“The goal in Bexley is not uniformity of design, since Bexley has so many architectural styles, but instead the goal is to foster compatible design with respect to a home’s existing styles and its surroundings,” says Kathy Rose, building department manager and zoning officer for the city of Bexley. “It’s making sure it’s appropriate for the neighborhoods and keeping Bexley the beautiful city that it is.”
Bexley’s ordinances call for the city’s Architectural Review Board to review applications for the demolition of older homes or structures such as carriage houses. According to the ordinance, the board uses specific criteria to determine whether the structure is “historically or culturally significant or otherwise worthy of preservation.”
“The city of Upper Arlington has been very proactive in protecting its premier residential neighborhoods,” says Chad Gibson, senior planning officer for the city of Upper Arlington. UA’s new neighborhood compatibility ordinance requires houses to be compatible with other homes on the block in terms of character, site layout, architectural style, materials, setbacks, height, roof pitch and other features.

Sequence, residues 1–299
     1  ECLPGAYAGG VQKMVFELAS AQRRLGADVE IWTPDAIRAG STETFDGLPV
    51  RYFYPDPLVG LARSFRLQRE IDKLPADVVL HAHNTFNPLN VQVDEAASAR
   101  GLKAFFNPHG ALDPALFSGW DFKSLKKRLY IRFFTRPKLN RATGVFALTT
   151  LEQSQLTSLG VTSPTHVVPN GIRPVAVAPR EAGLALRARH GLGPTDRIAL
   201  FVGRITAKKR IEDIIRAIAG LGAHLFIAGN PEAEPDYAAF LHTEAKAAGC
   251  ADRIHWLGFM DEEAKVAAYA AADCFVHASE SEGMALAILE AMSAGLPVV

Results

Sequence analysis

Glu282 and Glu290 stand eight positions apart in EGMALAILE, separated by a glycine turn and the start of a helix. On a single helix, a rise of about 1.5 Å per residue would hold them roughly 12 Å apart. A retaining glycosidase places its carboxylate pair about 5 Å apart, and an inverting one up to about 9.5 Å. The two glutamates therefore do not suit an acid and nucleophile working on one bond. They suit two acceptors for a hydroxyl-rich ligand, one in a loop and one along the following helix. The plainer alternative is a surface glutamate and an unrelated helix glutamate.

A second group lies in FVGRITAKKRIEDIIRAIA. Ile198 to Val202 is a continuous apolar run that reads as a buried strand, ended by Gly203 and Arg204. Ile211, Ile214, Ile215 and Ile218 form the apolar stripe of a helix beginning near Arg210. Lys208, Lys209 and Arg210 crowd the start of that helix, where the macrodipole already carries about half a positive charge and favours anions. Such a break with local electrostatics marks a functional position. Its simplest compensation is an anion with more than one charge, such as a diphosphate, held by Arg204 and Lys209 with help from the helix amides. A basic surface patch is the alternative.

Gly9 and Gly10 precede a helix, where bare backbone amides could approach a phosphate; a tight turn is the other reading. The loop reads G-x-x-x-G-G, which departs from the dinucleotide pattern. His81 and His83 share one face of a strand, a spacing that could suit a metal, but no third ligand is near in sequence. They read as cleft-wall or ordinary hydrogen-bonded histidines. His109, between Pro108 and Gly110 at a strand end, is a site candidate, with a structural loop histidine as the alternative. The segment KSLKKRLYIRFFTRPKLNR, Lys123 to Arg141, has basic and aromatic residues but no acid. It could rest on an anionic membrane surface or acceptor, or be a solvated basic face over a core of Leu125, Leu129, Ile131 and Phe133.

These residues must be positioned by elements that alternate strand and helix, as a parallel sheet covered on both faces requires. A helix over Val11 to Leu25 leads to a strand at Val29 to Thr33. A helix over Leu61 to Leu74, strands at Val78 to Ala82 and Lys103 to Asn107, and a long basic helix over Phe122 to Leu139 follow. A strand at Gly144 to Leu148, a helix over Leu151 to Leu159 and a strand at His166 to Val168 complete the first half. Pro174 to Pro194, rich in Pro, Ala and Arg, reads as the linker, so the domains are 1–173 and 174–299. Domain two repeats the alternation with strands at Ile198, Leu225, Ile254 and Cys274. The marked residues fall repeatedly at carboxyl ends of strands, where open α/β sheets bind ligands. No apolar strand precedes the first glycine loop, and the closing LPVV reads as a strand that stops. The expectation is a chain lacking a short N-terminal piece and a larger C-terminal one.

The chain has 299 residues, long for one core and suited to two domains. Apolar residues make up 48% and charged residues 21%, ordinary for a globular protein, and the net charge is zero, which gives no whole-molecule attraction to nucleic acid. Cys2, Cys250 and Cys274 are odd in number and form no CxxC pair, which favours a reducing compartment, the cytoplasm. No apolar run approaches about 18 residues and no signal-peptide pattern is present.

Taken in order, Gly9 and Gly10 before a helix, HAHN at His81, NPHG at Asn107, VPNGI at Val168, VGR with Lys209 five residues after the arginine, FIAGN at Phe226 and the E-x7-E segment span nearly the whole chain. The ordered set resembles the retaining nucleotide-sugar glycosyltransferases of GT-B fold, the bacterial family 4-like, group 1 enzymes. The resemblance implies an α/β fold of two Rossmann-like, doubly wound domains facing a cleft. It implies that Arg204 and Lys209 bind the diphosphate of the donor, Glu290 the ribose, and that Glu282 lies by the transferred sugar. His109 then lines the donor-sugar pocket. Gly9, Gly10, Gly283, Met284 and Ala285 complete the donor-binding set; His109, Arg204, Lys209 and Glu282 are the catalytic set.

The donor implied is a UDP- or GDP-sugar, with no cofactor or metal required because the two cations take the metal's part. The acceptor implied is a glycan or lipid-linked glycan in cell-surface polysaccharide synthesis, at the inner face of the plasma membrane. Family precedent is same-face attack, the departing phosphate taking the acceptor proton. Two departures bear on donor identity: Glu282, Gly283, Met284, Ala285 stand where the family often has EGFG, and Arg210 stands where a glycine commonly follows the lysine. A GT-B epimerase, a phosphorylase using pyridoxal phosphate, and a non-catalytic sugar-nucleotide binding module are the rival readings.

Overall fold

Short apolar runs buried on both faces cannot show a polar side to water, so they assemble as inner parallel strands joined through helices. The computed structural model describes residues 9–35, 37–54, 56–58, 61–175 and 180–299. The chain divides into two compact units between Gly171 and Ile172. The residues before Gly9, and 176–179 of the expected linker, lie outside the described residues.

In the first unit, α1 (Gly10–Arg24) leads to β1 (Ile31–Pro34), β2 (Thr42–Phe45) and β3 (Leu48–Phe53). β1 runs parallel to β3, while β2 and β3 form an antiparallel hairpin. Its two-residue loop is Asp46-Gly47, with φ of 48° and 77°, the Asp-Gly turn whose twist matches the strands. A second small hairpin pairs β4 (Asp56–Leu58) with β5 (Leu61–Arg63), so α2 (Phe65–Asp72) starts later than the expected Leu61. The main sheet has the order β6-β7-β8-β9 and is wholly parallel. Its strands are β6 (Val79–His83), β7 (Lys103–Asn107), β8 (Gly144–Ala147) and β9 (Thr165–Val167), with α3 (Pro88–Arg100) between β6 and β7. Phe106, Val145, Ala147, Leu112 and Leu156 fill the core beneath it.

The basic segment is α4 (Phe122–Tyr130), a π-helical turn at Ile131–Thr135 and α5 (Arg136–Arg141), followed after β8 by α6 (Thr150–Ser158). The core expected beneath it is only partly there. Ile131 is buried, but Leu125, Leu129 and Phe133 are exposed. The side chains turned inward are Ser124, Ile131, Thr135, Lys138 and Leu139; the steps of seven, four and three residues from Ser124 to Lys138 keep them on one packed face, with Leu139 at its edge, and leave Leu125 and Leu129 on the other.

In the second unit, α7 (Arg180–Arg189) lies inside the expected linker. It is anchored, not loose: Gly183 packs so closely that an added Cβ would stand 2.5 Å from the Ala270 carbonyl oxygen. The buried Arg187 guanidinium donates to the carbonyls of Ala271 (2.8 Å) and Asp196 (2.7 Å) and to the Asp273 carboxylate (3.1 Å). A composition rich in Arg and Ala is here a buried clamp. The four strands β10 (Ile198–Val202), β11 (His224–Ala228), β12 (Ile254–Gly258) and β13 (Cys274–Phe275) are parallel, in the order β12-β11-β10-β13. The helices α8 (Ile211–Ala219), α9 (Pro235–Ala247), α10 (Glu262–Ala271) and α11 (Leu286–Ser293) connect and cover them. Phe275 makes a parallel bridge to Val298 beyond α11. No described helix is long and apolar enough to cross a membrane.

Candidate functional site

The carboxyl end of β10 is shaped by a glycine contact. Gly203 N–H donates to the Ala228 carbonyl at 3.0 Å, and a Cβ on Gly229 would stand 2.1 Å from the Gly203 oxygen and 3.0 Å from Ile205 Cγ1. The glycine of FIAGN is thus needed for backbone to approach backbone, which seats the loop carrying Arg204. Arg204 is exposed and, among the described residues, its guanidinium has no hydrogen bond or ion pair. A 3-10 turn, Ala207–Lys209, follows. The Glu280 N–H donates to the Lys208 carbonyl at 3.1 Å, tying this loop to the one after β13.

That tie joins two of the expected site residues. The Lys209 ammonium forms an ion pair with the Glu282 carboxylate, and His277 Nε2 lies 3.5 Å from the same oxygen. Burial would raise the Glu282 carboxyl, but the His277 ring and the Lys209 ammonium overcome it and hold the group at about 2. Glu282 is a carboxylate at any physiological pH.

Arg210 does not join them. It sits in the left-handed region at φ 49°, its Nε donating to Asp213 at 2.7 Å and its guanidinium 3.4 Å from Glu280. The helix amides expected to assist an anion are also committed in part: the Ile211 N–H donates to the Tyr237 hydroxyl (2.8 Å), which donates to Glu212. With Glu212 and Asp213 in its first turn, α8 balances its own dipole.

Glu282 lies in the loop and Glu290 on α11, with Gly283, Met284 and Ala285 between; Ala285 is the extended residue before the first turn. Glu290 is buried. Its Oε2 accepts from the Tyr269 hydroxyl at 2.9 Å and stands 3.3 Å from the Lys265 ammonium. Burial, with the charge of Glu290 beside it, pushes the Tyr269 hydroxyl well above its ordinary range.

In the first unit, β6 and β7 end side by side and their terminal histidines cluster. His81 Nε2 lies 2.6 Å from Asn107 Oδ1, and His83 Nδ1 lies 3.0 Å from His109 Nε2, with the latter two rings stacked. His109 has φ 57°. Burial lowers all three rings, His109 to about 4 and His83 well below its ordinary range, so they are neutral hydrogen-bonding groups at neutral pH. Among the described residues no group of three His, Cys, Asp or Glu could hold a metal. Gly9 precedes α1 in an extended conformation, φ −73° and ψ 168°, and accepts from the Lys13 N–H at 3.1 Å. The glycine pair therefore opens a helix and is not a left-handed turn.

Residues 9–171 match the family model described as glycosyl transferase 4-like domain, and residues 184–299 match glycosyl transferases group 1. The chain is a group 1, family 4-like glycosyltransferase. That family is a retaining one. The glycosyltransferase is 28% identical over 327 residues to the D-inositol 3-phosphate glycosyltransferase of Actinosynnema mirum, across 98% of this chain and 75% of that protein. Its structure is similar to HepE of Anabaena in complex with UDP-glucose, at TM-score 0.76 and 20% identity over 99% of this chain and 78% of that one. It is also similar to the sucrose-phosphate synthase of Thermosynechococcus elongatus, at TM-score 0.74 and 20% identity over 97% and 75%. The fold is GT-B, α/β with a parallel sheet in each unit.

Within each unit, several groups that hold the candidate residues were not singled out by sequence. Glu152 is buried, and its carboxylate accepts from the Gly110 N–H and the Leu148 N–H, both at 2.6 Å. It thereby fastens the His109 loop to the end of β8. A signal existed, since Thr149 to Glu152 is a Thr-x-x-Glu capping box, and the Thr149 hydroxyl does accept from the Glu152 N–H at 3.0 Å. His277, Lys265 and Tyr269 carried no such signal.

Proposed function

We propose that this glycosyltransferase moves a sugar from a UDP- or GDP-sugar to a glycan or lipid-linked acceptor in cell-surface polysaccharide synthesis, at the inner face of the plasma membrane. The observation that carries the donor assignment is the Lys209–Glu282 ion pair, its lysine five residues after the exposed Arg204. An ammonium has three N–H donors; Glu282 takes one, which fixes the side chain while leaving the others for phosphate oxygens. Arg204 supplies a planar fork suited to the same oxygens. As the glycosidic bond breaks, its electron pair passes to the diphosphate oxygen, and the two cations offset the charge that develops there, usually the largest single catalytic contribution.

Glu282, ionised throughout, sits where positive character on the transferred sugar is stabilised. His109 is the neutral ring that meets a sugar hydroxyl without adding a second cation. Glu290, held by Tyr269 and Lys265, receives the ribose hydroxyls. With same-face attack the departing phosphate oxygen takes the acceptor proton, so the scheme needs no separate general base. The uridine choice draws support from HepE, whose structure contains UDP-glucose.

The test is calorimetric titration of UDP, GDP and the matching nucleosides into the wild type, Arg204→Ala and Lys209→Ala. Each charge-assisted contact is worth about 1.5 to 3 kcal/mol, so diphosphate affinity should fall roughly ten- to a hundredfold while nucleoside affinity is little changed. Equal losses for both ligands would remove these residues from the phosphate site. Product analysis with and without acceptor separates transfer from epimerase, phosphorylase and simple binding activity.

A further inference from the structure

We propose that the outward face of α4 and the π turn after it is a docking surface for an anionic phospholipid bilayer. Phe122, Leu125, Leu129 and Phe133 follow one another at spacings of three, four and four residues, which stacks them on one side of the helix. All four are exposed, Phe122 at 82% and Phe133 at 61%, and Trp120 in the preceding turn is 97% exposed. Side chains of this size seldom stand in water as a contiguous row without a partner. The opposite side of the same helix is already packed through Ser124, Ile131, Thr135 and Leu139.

Gibson points out that the ordinance doesn’t require cookie-cutter design, but a new home must respect the neighborhood and integrate into its aesthetic. He says the new ordinance has been well-received and the city works with builders and homeowners to create a win-win situation. When Upper Arlington receives an application for a new infill home, city officials actually visit the site to see if the proposed dwelling will blend in with the surrounding houses.
It’s unusual to find an infill lot big enough to build several houses, since large lots are extremely limited in established, built-out neighborhoods. However, Rich Conie, president of the Richard J. Conie Company, found just such an opportunity when he purchased two and a half acres of land on Haviland Road in Upper Arlington, where he plans to create an eight-home infill subdivision named Middlesex Place. The site once was the location of Discover Christian Church. “I just got lucky and stumbled upon it,” he says.